Three Years Later, Former Marjory Stoneman Douglas Students At UF Continue To Advocate, Heal and Remember

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Feb. 14 is usually a day marked with chocolates and flowers. But for the roughly 100 attendees at the vigil organized by March For Our Lives Gainesville, it was a day of remembrance.

Sunday marks three years since the tragic mass shooting that claimed 17 lives at Marjory Stoneman Douglas High School in Parkland, Florida.

Somber students at the University of Florida gathered at Plaza of the Americas on Sunday night to honor the 17 victims. The standing attendees held lit candles as former Marjory Stoneman Douglas students spoke.

“It’s important to remember that strength comes from overcoming hardships and tragedy,” Julia Cordover, 2018 senior class president of Marjory Stoneman Douglas, said. “Our experience is part of our story. Do not let it define us.”

Samantha Diaz, a freshman studying neuroscience at the University of Florida, was in her sophomore year at Marjory Stoneman Douglas on Feb. 14, 2018. She said it’s a day that will stay with her forever.

“My memory of that day is perfectly clear,” Diaz, 18, said. “I was 15 at the time, and I just remember feeling really confused as to what was going on.”

Diaz was in her finance class, finishing an assignment, when she heard a loud blaring from the fire alarm. She said there was just 10 minutes left of the school day, so she and her classmates brushed the alarm off as a routine drill.

“We were slow to leave the room,” Diaz said. “And when I walked out, it smelled like a fire.”

Diaz’s softball coach, who also worked as one of the school’s security guards, was outside of her classroom. “He saw me and he screamed, ‘Why are you walking? You need to run!’,” Diaz said.

Diaz remembers hearing two loud pops.

“I was so young and I didn’t know anything,” she said. “I literally just thought it was the heavy door closing behind me.”

She would later find out that she had just heard two rounds fired by an active school shooter with an AR-15 semi-automatic rifle in the building next to her.

She and her 30 classmates ran across the school’s campus where a teacher spotted the students. The teacher urgently told the students to come inside her classroom. Ironically, it was the peer counseling room. Diaz and her peers hid in the closet.

In the cramped closet, Diaz received an outpouring of text messages from concerned friends.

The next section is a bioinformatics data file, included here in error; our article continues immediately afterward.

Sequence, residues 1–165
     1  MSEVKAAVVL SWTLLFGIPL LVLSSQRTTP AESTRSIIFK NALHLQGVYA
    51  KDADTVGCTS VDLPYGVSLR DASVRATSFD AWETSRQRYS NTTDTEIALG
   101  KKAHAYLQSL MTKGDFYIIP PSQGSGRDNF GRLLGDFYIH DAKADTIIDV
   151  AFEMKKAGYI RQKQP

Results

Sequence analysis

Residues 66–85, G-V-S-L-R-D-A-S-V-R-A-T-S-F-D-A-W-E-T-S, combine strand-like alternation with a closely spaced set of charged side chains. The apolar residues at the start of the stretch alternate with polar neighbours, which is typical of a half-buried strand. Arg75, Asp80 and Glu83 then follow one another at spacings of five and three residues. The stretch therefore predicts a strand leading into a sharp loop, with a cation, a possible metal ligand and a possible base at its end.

“They were asking if I was OK,” she said. “And I was so confused, like ‘what do you mean?’ And then they sent me a picture of the news.”

It was then when she realized the gravity of what was happening at her school.  After almost three hours of hiding in the closet, Diaz and her classmates were let out to safety at 5:30 p.m. She describes that time as “pure fear.”

For the months following the tragedy, she felt numb.

“It was a really weird feeling,” Diaz said. “You don’t know how to process it.”

Now, three years after the tragic mass shooting, Diaz struggles with guilt every day.  “I deal with thoughts of ‘Why not me, and why them?’’”

Diaz is still learning how to come to terms with the trauma she and so many other students endured on that terrible day. “It’s kind of bad to say, but for me it’s just a thing that you have learn how to deal with,” she said. “It won’t really go away.”

Brandon Abzug, who spoke at Sunday’s vigil, was a 17-year-old senior at Marjory Stoneman Douglas the day of the shooting. Since surviving that tragic day, Abzug, 20, has immersed himself into advocacy work.

“I deal with healing by taking this bad situation and changing it for the better so it doesn’t happen again,” Abzug said. He’s a junior at UF studying political science and criminology.

In 2018, Abzug met with Republican and Democratic lawmakers to lobby for stricter gun laws. He wrote and published two articles, one in 2019 and one in 2020, detailing his passion for prevention.

“I learned this in criminology,” Abzug said. “It’s much easier to prevent rather than trying to intervene and rehabilitate.”

Abzug believes gun control and implementing mental health programs in schools are key to preventing a tragedy like this one.

In 2018, former Florida Gov. Rick Scott signed the Marjory Stoneman Douglas High School Public Safety Act. The bill is aimed to tighten gun control, school security and school safety.  Abzug said passing the bill is a baby-step in the right direction.

“The main thing I want done is banning the sale of assault weapons with high-capacity magazines,” Abzug said. “There’s no place for them on the streets in 21st-century America. They’re too dangerous.”

The K-12 School Shooting Database, a Center for Homeland Defense and Security research project that documents every instance a gun is brandished, fired, or a bullet hits school property in the U.S. for any reason, shows 262 such incidents since the shooting at Marjory Stoneman Douglas.

Editor’s correction: A previous version of this article incorrectly stated Brandon Abzug was a junior at Marjory Stoneman Douglas when the shooting occurred. It has been corrected to state that Abzug was a senior at the time.

About Skylar McCue

Skylar is a reporter for WUFT News who can be reached by calling 352-392-6397 or emailing news@wuft.org.

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